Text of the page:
AMONG THE MANY entertainments of Mad Men is the train-wreck thrill of watching its talented, pretty characters self-destruct in spectacular fashion. They smoke too much, drink too much, work too much, and sleep with the wrong people over and over and over again. But what secondary character Ken Cosgrove did in Sunday’s episode makes Don’s, Peggy’s, Roger’s, Pete’s, and Joan’s transgressions look like harmless, impish fun.
UNLIKE THE HOUSEHOLD in which I grew up, we’re not a watch-TV-every-night kind of family. When it is on, we try to make our viewing a communal activity. Although it’s tempting to let the girls zone out in front of Nickelodeon or Disney Channel while we attack our respective to-do lists, J. and I are cognizant of the fact that our jobs keep us from parenting as actively as we’d like. Relegating the TV to babysitter status is not something we’re keen on.
CHARLES M. Schulz gives us Linus Van Pelt as the moral center of his seminal holiday special A Charlie Brown Christmas. Especially compared to his sister, Lucy, a sociopathic bully (“I oughta slug you,” “I’ll give you five good reasons,” etc.) if ever there was one, Linus — gentle, counseling, scripture-quoting Linus — is the one who sets all of us on the right path. Linus is the voice of gentle, moderate decency, the single soul among the consumerist gaggle gathered in the schoolhouse auditorium who can see Christmas for what it is — and what it should be.
Except Linus is a douchebag.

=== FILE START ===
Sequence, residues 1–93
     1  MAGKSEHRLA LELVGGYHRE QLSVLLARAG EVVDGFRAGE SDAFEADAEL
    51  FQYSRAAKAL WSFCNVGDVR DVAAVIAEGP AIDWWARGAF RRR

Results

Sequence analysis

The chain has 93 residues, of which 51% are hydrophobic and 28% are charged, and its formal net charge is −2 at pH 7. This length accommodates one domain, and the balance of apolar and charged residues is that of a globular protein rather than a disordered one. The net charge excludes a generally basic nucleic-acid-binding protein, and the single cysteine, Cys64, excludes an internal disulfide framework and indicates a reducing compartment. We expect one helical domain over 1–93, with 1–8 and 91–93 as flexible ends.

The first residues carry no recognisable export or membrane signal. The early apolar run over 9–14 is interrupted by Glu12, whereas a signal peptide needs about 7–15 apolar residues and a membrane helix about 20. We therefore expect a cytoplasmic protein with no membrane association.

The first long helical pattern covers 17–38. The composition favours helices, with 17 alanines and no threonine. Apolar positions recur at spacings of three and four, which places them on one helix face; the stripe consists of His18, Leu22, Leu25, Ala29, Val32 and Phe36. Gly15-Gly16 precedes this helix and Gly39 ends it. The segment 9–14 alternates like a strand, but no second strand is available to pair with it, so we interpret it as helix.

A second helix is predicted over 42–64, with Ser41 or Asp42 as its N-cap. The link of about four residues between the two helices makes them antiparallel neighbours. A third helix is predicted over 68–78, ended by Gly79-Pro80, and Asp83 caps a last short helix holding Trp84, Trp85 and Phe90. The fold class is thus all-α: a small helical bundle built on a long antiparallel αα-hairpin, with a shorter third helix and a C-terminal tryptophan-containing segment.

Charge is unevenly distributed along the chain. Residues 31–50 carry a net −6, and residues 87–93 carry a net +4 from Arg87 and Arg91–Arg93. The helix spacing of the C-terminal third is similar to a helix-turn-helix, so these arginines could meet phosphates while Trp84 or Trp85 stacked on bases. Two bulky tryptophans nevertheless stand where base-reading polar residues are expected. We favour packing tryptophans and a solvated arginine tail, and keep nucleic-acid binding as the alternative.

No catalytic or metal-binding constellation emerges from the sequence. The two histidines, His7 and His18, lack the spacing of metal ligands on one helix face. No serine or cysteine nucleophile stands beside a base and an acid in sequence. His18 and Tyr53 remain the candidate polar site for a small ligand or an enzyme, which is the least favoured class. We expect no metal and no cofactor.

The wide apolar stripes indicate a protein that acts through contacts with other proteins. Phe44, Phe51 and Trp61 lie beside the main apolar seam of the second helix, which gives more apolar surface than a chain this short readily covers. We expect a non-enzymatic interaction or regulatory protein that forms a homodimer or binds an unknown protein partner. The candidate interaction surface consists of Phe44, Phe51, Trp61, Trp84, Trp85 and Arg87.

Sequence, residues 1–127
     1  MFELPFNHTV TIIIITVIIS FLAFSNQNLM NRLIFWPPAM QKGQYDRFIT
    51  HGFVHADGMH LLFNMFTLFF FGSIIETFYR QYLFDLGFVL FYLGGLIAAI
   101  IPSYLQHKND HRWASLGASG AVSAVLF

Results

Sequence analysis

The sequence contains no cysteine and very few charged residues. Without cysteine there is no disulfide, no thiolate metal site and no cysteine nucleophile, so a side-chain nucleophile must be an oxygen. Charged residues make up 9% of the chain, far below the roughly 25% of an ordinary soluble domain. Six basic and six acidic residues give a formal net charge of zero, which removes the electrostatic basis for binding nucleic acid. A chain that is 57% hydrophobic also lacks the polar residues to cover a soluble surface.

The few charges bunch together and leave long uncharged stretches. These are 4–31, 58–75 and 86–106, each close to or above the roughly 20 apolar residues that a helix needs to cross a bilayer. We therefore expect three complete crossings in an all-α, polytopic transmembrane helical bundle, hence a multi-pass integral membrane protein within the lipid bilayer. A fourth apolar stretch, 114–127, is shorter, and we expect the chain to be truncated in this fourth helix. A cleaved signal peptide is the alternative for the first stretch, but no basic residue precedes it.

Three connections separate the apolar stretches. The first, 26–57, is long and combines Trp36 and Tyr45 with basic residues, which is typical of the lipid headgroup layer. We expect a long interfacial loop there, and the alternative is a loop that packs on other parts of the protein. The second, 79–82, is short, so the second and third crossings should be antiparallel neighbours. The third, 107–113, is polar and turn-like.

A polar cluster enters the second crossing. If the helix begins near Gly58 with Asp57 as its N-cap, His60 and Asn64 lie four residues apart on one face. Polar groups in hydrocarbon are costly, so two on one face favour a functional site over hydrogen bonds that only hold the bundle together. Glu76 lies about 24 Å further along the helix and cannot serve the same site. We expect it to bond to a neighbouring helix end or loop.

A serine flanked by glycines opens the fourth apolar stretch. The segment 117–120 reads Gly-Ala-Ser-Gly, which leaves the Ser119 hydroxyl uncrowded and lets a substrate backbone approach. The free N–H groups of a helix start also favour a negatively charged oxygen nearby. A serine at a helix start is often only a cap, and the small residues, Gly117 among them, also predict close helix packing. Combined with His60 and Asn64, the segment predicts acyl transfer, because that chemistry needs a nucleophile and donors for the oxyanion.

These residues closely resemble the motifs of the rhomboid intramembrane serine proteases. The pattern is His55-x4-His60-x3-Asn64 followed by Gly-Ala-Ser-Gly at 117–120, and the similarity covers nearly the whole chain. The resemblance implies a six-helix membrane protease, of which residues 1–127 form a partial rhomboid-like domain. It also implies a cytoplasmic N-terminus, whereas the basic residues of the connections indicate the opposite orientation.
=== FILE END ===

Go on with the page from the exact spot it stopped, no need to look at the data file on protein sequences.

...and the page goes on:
THE FOLKS who research happiness say that regular reflections on gratitude improve one’s mindset. I wouldn’t mind an improved mindset, so I probably ought to think more often about what I’m thankful for. Many of my Facebook friends have spent each day this month posting about the things for which they’re grateful. But the best I can do right now is to offer this list today, Thanksgiving Day, about my gratitude, as I did last year.
Eric Taylor, head coach of the Dillon High School Panthers, will be named to replace Andy Reid, according to multiple sources.
Eagles owner Jeffrey Lurie declined comment, as did Taylor, reached at his home last night. Taylor abruptly hung up the phone when asked whether his extremely attractive wife, Tami, might happen to have a thing for early middle-aged bloggers.
While Taylor lacks the innovative football mind Lurie said he was seeking in his next coach, he is considered a superior motivator, an appealing trait for a team with numerous underperforming, high-priced free agents.
NOT LONG after I became a dad, contemporary, grown-up pop culture began fading from my radar. And so year-end best-of lists (movies, TV shows, songs, books, etc.) of the kind published over the last week hold much less sway with me these days. It’s hard to get excited over such things when you have lots of conversations that begin with “Remember that episode of Victorious when … ?”
Though I no longer read the content of such pieces, I have noticed that alongside the best-of lists, papers and magazines are running worst-ofs. This stinks.